Democrats are renewing efforts to protect children from the potential harm of electronic cigarettes, but the main event will come on the regulatory front if the Food and Drug Administration meets expectations and releases a final rule this year.
The agency issued a long-anticipated proposal last April to extend its authority to e-cigarettes and other unregulated products under a 2009 tobacco law. Some Democrats and public health advocates have insisted the proposed rule does not go far enough, however, and are pressing the agency to take additional action to protect young people.
Senate Minority Whip Richard J. Durbin, D-Ill., said he’s not expecting much on the legislative front before the final regulations come out, assuming that happens in a matter of months. Most of the outspoken critics of the fast-growing growing e-cigarette industry are Democrats in the minority in both chambers.
“It starts with the premise that most Republicans are loathe to expand government’s role in the public square,” Durbin said.
Still, backers of regulation hope a narrowly targeted bill the Senate Commerce, Science and Transportation Committee endorsed last year could have legs. The legislation (S 142), reintroduced on Jan. 8 by Florida Democrat Bill Nelson, would direct the Consumer Product Safety Commission to issue a childproof packaging rule for liquid nicotine, which is used to refill e-cigarettes.
Nelson, the top Democrat on the panel, said he has not spoken to Chairman John Thune, R-S.D., about moving the bill but said conversations have occurred at the staff level. Industry groups have also indicated they’re on board with at least the concept of requiring liquid nicotine containers to be childproof.
“Now that a child actually died, it’s time to move along,” Nelson said, referring to reports that a 1-year-old died in December after ingesting the substance.
A committee spokesman pointed to a statement Thune made last Congress in support of Nelson’s bill, but wouldn’t say whether the panel had plans to take it up again soon. While the statement said Thune thinks “there is broad agreement about the need to protect young children against an easy-to-open poisonous substance that has become more widely available with the advent of E-cigarettes,” it also referenced potential stakeholder questions about “the clarity of jurisdictional lines” between the CPSC and the FDA.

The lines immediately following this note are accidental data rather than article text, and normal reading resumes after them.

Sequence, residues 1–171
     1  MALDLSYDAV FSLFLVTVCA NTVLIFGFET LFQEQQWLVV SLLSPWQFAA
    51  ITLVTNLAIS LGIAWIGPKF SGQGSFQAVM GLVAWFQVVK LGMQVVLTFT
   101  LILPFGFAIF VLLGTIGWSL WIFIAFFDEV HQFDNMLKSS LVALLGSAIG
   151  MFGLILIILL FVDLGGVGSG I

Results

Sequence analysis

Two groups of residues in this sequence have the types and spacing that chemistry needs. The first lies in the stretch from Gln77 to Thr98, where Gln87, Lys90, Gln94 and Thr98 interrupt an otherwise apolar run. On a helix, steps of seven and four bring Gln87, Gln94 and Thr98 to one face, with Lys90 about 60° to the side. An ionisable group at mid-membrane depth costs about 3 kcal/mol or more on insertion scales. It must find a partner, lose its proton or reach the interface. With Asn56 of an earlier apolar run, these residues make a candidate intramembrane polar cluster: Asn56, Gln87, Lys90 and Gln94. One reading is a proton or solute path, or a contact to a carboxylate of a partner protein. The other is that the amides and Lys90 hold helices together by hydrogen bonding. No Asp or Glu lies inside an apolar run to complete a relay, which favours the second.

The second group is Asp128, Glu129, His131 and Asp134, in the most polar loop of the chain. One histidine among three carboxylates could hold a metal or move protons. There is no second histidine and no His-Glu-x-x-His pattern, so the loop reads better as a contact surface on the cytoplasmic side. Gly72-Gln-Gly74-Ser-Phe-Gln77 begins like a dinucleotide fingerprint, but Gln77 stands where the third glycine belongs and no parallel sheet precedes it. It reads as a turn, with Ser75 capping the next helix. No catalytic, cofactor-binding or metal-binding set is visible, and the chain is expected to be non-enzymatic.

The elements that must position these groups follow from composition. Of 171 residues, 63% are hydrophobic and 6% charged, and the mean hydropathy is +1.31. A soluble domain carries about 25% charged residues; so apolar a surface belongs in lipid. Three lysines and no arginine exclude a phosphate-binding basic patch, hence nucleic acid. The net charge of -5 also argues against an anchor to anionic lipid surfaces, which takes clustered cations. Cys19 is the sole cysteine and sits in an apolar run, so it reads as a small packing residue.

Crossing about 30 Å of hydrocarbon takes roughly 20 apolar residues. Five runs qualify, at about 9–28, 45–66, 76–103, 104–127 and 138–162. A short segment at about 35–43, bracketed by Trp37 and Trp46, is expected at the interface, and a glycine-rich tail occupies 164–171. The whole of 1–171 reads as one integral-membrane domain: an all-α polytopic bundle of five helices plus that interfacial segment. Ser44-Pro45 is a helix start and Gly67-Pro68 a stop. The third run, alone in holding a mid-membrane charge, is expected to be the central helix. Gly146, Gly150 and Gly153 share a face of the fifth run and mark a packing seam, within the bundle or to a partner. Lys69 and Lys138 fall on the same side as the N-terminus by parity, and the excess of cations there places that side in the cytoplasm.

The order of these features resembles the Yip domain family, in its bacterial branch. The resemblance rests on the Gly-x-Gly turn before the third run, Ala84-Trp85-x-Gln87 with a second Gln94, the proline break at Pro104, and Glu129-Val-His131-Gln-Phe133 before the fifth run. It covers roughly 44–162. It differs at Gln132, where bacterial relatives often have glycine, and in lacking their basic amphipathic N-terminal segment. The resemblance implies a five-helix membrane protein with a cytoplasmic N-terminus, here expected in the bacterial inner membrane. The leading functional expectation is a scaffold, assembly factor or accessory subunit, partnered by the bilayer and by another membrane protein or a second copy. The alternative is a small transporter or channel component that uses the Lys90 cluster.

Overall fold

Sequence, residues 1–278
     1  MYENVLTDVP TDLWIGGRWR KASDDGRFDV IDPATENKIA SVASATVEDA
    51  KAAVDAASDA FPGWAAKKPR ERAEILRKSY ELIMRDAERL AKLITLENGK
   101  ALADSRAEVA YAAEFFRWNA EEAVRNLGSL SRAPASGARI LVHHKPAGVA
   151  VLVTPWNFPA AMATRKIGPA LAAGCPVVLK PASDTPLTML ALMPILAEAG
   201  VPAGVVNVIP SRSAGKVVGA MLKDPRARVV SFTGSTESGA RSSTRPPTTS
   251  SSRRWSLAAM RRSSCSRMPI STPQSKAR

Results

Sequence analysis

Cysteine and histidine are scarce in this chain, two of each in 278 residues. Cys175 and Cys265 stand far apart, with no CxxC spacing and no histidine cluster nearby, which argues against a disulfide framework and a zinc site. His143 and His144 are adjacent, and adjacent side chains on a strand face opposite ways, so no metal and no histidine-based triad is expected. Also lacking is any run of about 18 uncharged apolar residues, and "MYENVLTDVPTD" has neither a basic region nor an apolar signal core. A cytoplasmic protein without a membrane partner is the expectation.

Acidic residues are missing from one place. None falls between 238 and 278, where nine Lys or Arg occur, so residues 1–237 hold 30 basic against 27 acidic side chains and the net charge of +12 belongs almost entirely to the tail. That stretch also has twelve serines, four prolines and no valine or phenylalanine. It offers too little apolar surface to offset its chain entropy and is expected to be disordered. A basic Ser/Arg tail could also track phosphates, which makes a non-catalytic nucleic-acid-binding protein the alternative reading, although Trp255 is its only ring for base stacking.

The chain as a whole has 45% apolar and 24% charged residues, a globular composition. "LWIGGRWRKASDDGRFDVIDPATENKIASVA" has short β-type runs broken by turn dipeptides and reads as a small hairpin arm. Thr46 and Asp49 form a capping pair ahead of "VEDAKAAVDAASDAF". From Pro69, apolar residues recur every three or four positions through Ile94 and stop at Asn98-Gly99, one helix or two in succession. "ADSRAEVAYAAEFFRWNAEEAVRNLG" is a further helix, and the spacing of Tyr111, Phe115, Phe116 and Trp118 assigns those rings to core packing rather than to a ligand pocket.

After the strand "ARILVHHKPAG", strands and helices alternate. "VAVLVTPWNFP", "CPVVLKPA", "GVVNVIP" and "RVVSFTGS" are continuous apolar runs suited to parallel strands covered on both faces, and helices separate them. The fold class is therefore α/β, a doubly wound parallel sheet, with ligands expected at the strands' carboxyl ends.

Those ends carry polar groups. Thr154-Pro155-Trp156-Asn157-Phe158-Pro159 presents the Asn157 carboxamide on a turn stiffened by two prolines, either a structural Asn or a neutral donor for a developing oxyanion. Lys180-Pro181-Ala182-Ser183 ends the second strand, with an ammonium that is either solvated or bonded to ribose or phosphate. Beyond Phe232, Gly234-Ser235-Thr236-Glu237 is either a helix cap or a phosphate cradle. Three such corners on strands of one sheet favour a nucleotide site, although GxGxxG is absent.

The bill didn’t advance beyond the Commerce markup last year, despite the American Academy of Pediatrics sending an email after the death to every House and Senate office urging passage before year-end.
The measure was reintroduced with the support of a dozen Democrats and New Hampshire Republican Kelly Ayotte, who is discussing the bill with her colleagues and working to gain additional support, according to spokeswoman Liz Johnson.
The loudest criticism about the proposed rule from some Democrats and advocates may be that it doesn’t ban flavoring in e-cigarettes or marketing that could attract youth — though the FDA has said flavoring and advertising restrictions would require separate rule-making.
Sen. Barbara Boxer, D-Calif., introduced legislation before the proposal was released that would bar the products from being marketed in a way that would increase their use by children and her office said she plans to reintroduce it before the February recess. Connecticut Democrat Elizabeth Esty reintroduced a House version on Jan. 22.
The measure, which never gained any Republican co-sponsors, appears less likely to advance than the Nelson legislation. But Boxer said she’s holding out hope Republicans will help move it forward, noting it appears e-cigarette use among young people is increasing exponentially.
“They’ve been pretty hostile on health and safety measures, but I think this one is so obvious when you can see all the cartoons and all the things they’re doing,” she said. “I’m ever hopeful that the public will come on my side.”
At least one Republican is also wary of the FDA’s current proposal. At a Senate hearing last May, Lisa Murkowski of Alaska said she has “a real concern here that we are setting forward a proposed rule that does not look to the flavoring that is going into these e-cigarettes, the impact on our children, some of the studies that we have seen.”
Miguel Martin, president of LOGIC Technology, said his e-cigarette company doesn’t advertise on television or use celebrity spokespeople, and would support a ban on candy-like or youth-oriented flavors.
Right now, the company only sells menthol and tobacco flavors, he noted. But rather than Congress spring into action, he prefers to wait and see what the FDA comes up with.
LOGIC may not agree with everything the agency lays out, Martin added, but at least regulations would provide a level set of rules that everyone is accountable for.
“For a company like ours, they can’t happen soon enough,” he said.
Dave Dobbins, chief operating officer of the anti-tobacco group Legacy, said he thinks regulation of e-cigarettes is “absolutely critical.” He noted there are many conflicting studies, potentially because the products being examined are very different.
“There’s just no way to consistently think about the product category,” he said. “We need some rules in place for what the device really is.”
Dobbins said his organization is open to the possibility of a safer way to deliver nicotine, but that “the current regime of anything goes” confuses consumers and leaves youth vulnerable.
The FDA’s rule-making agenda projects that the final rule will be published in June, though there is no legal deadline.
FDA spokeswoman Jenny Haliski said the agency cannot speculate on timing. The public comment period ended on Aug. 8 and Haliski said the goal is to work as quickly as possible to review the feedback.